May 6, 2013 8:30 am

Flu shots safe for kids with painful IBD

A new study suggests getting a flu shot doesn't exacerbate inflammatory bowel disease in children and teens and may even protect them from flare-ups.

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TORONTO – A new study suggests getting a flu shot doesn’t exacerbate inflammatory bowel disease in children and teens and may even protect them from flare-ups.

Children who suffer from inflammatory bowel disease are encouraged to get flu shots every year, because the drugs they take weaken their ability to fend off infections.

But some of these patients are worried about getting the shots because there have been reports the flu vaccine can cause their disease to flare.

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So several Ottawa researchers did a study to see if that was true; their work is in this week’s issue of the journal Pediatrics.

Lead author Dr. Eric Benchimol says the findings show that getting a flu shot doesn’t lead to flare-ups in these patients.

Children with inflammatory bowel disease cannot use the inhaled flu vaccine, which contains live but weakened viruses; they can only get the shot, which contains killed flu viruses.

Inflammatory bowel disease is an umbrella term for conditions of the small intestines and colon such as Crohn’s disease and ulcerative colitis.

Benchimol, a pediatric gastroenterologist from the Children’s Hospital of Eastern Ontario, says Canada has among the world’s highest rates of inflammatory bowel disease in both children and adults, with about one in 200 Canadians affected. Rates appear to be climbing sharply among kids under the age of 15.

The reason for the high rates isn’t known, though it is suspected some environmental factor may be at play.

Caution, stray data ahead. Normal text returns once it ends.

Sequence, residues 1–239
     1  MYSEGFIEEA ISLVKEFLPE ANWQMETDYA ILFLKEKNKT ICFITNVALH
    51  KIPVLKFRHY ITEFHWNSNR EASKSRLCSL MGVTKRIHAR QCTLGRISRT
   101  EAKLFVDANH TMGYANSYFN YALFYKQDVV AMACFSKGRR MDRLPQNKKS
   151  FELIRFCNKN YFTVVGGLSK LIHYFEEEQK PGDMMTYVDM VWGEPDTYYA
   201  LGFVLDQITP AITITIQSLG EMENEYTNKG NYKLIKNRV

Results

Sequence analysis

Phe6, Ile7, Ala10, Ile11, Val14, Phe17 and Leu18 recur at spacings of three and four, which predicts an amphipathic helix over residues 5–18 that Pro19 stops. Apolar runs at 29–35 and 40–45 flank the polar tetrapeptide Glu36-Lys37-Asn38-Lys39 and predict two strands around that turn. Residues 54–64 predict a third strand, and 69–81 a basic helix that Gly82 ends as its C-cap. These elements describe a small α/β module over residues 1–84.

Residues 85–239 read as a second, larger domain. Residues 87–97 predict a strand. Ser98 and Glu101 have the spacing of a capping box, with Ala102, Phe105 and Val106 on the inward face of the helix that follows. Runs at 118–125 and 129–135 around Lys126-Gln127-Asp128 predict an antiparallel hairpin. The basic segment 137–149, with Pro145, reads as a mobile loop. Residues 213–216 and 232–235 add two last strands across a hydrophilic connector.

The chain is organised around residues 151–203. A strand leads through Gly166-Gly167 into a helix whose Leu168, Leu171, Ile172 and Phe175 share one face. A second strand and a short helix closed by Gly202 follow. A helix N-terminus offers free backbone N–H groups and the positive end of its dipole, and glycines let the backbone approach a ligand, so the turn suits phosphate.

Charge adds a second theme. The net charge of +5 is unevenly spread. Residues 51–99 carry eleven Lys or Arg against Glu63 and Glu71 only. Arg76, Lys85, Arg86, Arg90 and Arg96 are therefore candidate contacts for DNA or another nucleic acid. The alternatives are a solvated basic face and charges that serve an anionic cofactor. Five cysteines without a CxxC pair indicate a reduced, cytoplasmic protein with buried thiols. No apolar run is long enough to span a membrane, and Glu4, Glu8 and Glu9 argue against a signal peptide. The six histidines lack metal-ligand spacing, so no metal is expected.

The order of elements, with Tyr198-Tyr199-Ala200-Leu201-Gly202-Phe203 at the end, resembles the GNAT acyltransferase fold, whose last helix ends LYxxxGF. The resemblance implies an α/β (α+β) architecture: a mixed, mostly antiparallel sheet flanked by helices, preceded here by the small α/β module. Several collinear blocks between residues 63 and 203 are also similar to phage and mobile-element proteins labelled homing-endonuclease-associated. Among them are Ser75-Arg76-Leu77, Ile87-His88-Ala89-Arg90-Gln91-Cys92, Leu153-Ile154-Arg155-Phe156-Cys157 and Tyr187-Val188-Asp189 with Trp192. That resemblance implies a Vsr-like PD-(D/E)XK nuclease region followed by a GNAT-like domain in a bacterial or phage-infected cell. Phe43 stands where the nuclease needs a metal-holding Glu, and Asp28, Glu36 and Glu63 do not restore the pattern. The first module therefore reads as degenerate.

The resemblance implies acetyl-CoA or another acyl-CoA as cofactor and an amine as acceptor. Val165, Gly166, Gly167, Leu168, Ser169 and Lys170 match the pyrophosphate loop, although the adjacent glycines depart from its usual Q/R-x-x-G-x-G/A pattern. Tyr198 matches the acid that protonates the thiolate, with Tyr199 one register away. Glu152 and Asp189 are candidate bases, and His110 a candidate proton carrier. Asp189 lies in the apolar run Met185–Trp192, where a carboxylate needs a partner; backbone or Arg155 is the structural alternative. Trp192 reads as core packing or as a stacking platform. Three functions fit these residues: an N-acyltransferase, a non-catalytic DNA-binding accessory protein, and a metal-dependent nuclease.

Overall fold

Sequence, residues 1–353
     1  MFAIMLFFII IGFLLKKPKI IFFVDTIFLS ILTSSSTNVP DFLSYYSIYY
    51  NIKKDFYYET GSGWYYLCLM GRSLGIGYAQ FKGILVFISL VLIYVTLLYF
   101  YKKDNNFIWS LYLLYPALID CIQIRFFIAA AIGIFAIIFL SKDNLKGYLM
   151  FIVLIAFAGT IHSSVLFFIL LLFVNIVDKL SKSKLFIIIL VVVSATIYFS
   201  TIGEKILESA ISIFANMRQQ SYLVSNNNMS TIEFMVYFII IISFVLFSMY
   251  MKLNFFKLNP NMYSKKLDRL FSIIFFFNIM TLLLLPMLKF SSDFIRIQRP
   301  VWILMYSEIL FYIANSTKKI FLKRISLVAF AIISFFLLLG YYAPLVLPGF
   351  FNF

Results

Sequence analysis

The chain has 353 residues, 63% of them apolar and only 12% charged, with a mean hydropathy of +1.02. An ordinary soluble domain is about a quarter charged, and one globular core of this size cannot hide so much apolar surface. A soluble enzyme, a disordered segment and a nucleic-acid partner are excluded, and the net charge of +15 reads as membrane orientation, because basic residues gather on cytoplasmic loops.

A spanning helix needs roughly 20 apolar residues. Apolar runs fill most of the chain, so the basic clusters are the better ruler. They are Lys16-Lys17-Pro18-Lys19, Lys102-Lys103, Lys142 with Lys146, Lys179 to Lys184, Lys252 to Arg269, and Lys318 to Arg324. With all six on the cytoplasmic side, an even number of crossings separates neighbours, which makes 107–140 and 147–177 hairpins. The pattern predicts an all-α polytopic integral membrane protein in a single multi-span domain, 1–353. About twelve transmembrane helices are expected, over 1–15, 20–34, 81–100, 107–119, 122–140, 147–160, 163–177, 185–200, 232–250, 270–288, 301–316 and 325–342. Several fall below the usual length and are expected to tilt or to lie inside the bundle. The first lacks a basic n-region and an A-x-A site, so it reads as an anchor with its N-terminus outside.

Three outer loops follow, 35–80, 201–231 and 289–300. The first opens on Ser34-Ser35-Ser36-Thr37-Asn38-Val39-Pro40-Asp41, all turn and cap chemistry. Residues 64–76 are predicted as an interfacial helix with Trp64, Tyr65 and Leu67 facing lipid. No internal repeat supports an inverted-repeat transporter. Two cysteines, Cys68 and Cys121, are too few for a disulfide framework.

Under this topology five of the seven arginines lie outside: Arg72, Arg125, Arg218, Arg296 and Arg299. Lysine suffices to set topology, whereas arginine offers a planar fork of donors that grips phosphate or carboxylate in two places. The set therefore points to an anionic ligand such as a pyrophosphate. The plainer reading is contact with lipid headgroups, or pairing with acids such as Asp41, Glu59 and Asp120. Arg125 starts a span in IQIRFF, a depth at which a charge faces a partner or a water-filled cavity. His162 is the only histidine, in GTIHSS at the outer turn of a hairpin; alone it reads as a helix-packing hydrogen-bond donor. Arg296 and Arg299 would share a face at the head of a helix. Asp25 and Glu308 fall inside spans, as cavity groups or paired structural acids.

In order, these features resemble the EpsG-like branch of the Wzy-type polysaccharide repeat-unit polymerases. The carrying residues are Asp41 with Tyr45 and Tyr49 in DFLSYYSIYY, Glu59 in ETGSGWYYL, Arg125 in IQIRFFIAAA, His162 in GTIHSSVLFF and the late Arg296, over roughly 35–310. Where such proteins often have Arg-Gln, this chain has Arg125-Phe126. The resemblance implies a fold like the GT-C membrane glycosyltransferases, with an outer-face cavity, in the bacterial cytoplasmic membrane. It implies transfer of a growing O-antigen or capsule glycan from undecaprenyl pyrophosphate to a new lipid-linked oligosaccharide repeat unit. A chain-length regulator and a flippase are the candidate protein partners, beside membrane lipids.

Using administrative data for Ontario, Benchimol and his co-authors looked at records for all children under the age of 19 with inflammatory bowel disease between 1999 and 2009.

They did several analyses, comparing their rates of hospital or outpatient visits during flu seasons when they got a shot to those when they didn’t. They also compared them to children who were like them in age, gender and other characteristics, but who didn’t have inflammatory bowel disease.

Only about a third of the inflammatory bowel group got flu shots, though fewer of the other children did.

The researchers saw no real increase in health-care use after the inflammatory bowel patients got flu shots. And they appeared to use health care less in the years when they got a flu shot, suggesting the vaccine might have been protective, Benchimol says.

That would make sense, he explains. Often when these patients contract infections — stomach bugs or colds or flu — they will experience an episode of disease activity.

“Everybody in the house gets it and everyone else gets better but the IBD patient kind of flares up and starts having blood in their stool and other symptoms,” he says.

He says the authors hope these results will persuade the parents of children with inflammatory bowel disease that these kids should get a flu shot every year.

© The Canadian Press, 2013

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